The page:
Four environmental groups asked a North Carolina court Tuesday for a ruling aimed at forcing Duke Energy to clean up groundwater contamination around ash ponds at 14 coal-fired power plants.
The suit filed in Wake County Superior Court challenges the state Environmental Management Commission. The commission voted in December against environmental advocates’ request to reinterpret a state rule regulating groundwater cleanups.
The contamination detected at Duke’s plants – including at Riverbend and Allen west of Charlotte – was within a roughly 500-foot radius of the ash ponds. State regulators have interpreted the rules to say contamination within that so-called compliance boundary doesn’t violate state standards if the ponds were built before 1984.
That leaves Duke with “no obligation to stop the contamination or clean up the contamination,” said attorney D.J. Gerken of the Southern Environmental Law Center. The center represents Cape Fear River Watch, the Sierra Club, the Waterkeeper Alliance and the Western North Carolina Alliance.
The law center asked the environment commission last month to read the rules differently, forcing Duke to clean the groundwater.
The commission, instead, stood by its old interpretation. The groups asked the Wake County court Tuesday to overturn the decision.
State officials say they are still investigating the sources of the contamination at Duke’s plants. Coal ash contains heavy metals that can be toxic in high concentrations.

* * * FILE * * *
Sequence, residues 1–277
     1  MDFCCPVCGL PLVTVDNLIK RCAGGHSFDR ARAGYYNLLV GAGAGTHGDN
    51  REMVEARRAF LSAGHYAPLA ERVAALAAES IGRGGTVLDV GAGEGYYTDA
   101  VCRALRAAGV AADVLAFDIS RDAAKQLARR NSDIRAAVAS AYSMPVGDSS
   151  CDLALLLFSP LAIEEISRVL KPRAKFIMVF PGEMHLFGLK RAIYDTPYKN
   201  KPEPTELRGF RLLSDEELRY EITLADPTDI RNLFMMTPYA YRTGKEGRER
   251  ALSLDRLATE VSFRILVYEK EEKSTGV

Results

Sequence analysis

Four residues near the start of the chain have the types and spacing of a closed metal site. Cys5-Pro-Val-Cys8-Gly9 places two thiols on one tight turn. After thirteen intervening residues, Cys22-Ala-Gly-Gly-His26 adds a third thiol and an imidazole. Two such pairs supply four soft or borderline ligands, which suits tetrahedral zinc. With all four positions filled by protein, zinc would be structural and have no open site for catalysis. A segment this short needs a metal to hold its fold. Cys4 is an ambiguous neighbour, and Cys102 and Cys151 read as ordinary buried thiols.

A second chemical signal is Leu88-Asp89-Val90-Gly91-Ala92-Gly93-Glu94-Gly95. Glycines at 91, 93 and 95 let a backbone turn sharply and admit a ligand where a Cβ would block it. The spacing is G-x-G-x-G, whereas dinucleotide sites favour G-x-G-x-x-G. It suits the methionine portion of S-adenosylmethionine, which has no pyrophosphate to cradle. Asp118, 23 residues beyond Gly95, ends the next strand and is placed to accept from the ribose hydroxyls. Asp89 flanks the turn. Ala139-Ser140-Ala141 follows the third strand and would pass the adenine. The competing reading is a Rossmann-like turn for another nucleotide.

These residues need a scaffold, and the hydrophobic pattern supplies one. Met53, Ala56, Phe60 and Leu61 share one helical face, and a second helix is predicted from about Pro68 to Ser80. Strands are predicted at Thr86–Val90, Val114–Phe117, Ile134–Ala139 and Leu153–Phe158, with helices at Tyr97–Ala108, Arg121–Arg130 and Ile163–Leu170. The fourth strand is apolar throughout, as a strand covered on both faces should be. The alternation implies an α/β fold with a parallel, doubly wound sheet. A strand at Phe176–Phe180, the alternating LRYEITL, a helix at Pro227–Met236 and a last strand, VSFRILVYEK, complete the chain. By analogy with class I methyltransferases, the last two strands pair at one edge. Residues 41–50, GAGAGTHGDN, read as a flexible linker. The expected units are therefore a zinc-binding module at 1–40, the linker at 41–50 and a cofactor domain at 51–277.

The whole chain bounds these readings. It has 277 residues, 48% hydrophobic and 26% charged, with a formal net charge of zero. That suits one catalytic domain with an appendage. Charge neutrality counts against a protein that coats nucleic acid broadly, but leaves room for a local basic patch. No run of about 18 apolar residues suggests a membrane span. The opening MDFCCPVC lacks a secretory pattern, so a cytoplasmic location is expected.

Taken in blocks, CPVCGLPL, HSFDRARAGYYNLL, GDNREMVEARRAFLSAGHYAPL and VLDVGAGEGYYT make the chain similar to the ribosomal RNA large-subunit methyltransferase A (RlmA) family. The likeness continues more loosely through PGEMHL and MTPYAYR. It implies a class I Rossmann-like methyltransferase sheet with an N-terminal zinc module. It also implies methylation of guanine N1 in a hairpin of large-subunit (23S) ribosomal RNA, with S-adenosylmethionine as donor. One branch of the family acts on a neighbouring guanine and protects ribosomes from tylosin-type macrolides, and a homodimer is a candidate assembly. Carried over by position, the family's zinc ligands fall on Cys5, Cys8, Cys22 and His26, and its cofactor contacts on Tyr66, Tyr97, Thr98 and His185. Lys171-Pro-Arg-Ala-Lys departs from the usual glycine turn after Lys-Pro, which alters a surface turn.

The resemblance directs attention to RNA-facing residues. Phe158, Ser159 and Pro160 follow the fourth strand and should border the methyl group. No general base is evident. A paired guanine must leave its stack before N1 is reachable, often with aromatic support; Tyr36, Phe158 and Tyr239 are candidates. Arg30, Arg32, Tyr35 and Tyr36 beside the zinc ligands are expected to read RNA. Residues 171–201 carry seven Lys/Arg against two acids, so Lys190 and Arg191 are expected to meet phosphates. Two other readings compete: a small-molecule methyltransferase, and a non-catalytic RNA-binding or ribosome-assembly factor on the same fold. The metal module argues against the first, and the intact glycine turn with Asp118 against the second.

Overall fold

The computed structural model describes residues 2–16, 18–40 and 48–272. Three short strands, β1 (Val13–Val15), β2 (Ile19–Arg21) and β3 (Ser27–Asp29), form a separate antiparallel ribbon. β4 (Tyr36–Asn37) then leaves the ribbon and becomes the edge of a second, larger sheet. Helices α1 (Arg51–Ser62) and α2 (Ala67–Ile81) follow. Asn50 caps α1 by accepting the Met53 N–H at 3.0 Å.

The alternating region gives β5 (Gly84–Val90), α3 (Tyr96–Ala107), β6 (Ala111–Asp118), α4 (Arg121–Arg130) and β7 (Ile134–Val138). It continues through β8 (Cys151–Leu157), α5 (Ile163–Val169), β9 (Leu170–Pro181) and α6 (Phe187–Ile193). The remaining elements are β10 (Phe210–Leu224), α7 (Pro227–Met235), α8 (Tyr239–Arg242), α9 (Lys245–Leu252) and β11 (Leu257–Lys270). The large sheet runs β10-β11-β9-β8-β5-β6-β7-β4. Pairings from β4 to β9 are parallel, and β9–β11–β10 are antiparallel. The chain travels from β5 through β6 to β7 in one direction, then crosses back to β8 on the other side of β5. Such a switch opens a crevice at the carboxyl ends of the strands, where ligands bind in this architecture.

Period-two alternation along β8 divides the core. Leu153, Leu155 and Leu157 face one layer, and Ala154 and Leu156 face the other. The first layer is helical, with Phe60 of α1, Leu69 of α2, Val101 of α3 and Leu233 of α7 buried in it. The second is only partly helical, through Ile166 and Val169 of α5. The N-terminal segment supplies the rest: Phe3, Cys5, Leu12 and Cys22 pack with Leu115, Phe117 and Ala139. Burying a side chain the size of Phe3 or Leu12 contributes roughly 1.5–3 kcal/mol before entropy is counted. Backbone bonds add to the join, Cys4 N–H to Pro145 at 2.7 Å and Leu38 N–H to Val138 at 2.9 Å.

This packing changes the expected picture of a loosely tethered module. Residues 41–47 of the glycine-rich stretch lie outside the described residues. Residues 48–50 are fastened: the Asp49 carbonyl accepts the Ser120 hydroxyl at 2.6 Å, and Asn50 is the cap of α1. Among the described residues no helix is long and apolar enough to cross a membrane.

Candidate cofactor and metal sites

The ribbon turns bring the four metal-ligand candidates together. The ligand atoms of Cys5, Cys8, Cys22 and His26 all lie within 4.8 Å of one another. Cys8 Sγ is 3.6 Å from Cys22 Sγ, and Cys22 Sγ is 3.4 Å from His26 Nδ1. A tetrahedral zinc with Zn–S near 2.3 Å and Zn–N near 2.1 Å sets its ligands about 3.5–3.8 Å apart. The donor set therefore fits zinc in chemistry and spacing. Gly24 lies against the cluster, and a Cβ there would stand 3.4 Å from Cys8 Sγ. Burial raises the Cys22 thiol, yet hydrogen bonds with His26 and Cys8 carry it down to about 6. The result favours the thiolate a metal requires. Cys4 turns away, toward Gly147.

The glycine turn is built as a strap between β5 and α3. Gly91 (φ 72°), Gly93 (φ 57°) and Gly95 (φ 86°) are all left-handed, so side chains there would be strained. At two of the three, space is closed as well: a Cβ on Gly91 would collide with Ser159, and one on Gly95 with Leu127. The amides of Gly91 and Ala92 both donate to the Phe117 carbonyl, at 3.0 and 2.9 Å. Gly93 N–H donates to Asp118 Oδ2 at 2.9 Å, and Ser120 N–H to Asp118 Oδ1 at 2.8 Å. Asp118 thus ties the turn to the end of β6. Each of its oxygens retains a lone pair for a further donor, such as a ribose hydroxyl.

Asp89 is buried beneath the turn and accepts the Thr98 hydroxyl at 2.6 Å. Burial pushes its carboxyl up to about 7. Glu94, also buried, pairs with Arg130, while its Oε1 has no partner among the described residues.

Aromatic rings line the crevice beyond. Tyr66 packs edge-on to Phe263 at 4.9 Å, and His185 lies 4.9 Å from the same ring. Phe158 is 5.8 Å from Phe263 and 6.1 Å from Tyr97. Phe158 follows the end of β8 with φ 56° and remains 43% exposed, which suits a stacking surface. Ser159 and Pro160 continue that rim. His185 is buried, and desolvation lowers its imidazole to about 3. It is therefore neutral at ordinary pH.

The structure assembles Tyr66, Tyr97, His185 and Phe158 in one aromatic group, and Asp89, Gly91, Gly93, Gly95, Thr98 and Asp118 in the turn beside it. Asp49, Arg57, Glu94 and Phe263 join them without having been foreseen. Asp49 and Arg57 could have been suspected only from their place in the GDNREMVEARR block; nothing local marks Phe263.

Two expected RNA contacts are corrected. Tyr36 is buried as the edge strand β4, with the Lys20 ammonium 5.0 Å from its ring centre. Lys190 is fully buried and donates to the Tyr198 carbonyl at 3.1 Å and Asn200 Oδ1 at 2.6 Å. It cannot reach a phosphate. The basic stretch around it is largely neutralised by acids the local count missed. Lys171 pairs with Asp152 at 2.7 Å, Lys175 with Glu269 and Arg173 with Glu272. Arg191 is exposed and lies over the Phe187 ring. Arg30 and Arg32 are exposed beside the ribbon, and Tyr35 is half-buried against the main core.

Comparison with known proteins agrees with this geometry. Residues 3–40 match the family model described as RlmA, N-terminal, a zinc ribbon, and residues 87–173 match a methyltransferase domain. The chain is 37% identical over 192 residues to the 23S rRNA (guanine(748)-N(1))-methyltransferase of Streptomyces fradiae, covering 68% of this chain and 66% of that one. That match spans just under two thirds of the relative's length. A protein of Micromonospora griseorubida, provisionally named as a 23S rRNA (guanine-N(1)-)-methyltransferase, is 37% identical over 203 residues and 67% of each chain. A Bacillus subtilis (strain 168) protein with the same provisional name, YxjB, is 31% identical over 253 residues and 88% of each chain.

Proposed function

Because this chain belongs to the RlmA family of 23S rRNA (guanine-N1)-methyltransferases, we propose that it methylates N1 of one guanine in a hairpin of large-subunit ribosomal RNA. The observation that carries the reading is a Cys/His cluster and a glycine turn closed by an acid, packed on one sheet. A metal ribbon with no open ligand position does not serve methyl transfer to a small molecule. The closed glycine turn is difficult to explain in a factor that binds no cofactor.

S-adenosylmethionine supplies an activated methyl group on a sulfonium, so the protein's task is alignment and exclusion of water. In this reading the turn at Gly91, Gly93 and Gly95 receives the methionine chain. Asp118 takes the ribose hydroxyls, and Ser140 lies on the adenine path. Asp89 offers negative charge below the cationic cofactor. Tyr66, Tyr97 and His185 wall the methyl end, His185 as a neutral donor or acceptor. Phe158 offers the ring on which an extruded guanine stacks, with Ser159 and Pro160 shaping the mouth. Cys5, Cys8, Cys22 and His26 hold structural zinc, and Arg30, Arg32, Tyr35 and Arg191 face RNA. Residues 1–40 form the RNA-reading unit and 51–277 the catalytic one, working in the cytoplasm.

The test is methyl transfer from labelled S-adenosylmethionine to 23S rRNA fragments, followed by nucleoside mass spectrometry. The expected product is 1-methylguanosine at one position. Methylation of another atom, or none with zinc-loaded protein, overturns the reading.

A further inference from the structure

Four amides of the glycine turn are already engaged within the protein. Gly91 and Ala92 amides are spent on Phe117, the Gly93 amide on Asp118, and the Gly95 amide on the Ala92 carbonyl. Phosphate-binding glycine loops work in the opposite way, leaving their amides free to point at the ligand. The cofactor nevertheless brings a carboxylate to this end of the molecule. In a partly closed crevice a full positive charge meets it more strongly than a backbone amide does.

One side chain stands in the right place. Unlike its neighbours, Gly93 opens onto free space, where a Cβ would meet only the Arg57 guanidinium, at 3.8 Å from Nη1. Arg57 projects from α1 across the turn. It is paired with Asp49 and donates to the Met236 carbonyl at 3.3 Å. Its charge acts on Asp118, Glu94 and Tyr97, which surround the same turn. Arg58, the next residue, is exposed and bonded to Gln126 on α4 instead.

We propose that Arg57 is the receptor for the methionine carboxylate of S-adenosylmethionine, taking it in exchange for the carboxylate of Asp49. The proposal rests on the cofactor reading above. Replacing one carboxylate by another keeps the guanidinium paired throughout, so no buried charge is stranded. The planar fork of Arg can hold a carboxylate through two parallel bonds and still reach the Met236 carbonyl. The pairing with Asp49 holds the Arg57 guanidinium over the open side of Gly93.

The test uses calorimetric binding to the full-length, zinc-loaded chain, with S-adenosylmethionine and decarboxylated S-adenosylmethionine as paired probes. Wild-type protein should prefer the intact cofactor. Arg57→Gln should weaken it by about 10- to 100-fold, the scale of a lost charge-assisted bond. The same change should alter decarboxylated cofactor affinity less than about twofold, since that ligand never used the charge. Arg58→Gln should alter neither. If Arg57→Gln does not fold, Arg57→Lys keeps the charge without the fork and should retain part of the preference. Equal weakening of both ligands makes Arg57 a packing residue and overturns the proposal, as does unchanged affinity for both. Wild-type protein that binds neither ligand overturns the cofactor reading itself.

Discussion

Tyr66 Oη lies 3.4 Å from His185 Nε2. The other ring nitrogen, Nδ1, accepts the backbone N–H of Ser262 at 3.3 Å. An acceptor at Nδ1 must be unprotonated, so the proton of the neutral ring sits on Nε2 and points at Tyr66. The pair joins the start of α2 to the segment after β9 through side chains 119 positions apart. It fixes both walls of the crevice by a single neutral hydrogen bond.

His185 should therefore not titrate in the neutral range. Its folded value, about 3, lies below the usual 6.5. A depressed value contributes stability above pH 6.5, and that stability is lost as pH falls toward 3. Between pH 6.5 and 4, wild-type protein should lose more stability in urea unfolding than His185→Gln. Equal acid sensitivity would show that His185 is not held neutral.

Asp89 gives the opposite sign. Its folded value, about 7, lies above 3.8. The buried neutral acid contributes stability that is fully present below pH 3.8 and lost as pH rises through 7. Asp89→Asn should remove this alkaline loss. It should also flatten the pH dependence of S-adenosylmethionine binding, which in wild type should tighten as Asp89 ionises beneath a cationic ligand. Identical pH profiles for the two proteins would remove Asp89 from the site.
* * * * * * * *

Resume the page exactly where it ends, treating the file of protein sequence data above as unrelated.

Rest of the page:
Duke said much of the contamination is of harmless iron and manganese, which occur naturally. There’s no evidence that contamination has flowed off Duke’s property, the company said.
The environment commission’s interpretation of the groundwater rule has been clear and consistent, Duke spokeswoman Erin Culbert said. “These organizations are really advocating for a rule change,” she said.
The law center counters that some of the contamination at the plants is unlikely to have occurred naturally.
At some power plants, it says, elements including thallium, selenium and arsenic have been detected downhill of ash ponds – the direction in which groundwater would flow – but not uphill of them.
The Charlotte-based Catawba Riverkeeper Foundation settled a lawsuit last August over coal ash storage at S.C. Electric & Gas’ Wateree power plant southeast of Columbia. SCE&G agreed to remove all coal ash from ponds at the plant and recycle or place it in lined landfills.
Duke Energy is converting to dry-ash handling at its plants, Culbert said, minimizing risks of water contamination. The ponds that were the focus of Tuesday’s court filing mix ash with water and hold the slurry in open lagoons.